“USO is a great organization,” said Irby. “My granddaughter just completed military police school in Missouri. She went to the USO to call home, write letters, and socialize with other soldiers. I can’t say enough about what USO means to soldiers.”
What the USO does on the home front is often forgotten, but important to soldiers returning home. USO volunteers can be seen in airports cheering as troops are deployed and when they return. In fact, the VFW post on Fifth Avenue Southeast in Moultrie was originally a USO for soldiers returning after World War II.
Both Jackson and Christensen commented on the women who served in Vietnam, mostly nurses.
“We don’t want to forget about them,” they said. “They played a role as well.”
One fond memory is of the Donut Dollies, young women who were in the Red Cross entourage whose primary purpose was as morale boosters for the U.S. combat troops in Vietnam.
Music was also the way troops connected with home. Jackson, who currently serves in a leadership position in the Veterans of Foreign Wars, said certain songs of the day had special meaning to those in Vietnam.
“For those headed home, it was ‘Leaving on a Jet Plane,’ he said. “For all of them is was ‘Get Me Out of this Place,’ by The Animals.”
Music of the era and the USO show experience will be showcased at a USO Tribute Show sponsored by John Benning DAR and the Colquitt County Arts Center this weekend at Wright Auditorium. The three-performance event is billed as a tribute to Vietnam veterans, but all veterans will be admitted free with advance ticket from the Arts Center.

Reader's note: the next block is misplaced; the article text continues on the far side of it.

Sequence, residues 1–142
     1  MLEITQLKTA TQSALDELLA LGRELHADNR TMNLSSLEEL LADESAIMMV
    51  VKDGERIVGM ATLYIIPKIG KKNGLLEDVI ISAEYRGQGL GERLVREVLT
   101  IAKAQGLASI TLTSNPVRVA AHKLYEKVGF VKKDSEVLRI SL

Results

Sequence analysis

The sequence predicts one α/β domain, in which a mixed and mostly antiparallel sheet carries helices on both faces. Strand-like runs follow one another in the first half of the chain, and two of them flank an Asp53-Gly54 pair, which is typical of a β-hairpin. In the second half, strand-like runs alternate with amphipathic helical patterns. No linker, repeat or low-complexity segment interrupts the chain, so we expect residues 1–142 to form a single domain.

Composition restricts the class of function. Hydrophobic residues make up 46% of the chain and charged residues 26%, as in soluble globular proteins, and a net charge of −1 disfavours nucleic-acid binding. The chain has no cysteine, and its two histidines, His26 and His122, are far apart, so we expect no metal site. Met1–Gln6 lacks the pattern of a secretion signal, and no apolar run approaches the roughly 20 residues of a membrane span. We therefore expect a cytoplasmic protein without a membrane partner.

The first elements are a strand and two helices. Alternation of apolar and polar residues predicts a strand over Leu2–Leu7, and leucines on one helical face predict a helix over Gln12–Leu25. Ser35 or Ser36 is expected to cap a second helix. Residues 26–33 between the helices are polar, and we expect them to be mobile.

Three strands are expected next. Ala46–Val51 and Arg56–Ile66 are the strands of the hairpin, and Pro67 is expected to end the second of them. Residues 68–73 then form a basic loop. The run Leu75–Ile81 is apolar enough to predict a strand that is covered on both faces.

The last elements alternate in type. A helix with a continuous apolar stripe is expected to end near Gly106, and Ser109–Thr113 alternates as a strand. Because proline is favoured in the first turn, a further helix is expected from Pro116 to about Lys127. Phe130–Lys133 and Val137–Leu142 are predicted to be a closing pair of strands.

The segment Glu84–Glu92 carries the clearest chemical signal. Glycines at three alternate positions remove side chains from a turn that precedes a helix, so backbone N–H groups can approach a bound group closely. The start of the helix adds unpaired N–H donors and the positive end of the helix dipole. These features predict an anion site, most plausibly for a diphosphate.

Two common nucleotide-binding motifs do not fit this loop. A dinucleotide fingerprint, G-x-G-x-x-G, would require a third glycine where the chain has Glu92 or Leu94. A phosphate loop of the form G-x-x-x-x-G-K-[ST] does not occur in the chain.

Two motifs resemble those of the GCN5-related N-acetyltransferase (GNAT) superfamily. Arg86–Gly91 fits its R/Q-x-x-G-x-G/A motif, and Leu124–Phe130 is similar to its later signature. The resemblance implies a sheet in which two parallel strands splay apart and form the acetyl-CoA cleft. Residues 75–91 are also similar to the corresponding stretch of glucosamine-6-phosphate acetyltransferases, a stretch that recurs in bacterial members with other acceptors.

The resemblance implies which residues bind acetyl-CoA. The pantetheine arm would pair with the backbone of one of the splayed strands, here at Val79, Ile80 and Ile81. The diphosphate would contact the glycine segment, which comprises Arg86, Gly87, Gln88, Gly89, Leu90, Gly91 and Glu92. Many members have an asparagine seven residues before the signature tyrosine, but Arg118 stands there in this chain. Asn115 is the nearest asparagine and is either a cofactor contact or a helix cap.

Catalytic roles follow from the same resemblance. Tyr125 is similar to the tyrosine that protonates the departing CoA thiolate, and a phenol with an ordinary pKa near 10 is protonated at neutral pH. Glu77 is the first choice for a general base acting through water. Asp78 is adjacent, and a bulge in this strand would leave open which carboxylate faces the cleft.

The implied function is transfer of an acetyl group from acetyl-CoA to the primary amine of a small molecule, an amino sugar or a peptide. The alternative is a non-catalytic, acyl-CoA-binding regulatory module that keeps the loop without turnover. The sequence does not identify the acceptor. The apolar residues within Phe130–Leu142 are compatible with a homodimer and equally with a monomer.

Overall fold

“We are in the midst of the 50th year commemoration of the Vietnam War,” said Nancy Coleman, DAR regent. “This show is meant to give the Vietnam veterans the welcome home they didn’t get 50 years ago. This is the community’s chance to say to Vietnam veterans – and their families – thank you for your service and your sacrifice.”
The show will feature local talent performing as artists of the day with music of the day. Among the numbers scheduled to appear are Lee Hill portraying Jerry Lee Lewis performing “Great Balls of Fire” and Staci DeRosso portraying Nancy Sinatra with “These Boots Are Made for Walking,” and DJ Baines preforming Otis Redding’s “Dock of the Bay,” to name just a few. Each show will open with the Colquitt County Men’s Choir singing the “Armed Forces Medley” while veterans from each branch of service are recognized.
For 78 years, the USO has stood by America's military service members by keeping them connected to family, home and country while deployed. The USO is a not-for-profit organization and is not part of the federal government. A congressionally chartered, private organization, the USO relies on the generosity of individuals, organizations and corporations to support its activities, and is powered by a family of volunteers to accomplish its mission of connection.
Patrons of the show will be given the opportunity to support the USO through personal donations.
Tickets are still available for each show but the event is expected to be a sellout. General admission tickets are $15 each and can be purchased at the Arts Center during regular business hours, 10 a.m.-5 p.m., Monday through Friday. If available, tickets can be purchased at the door.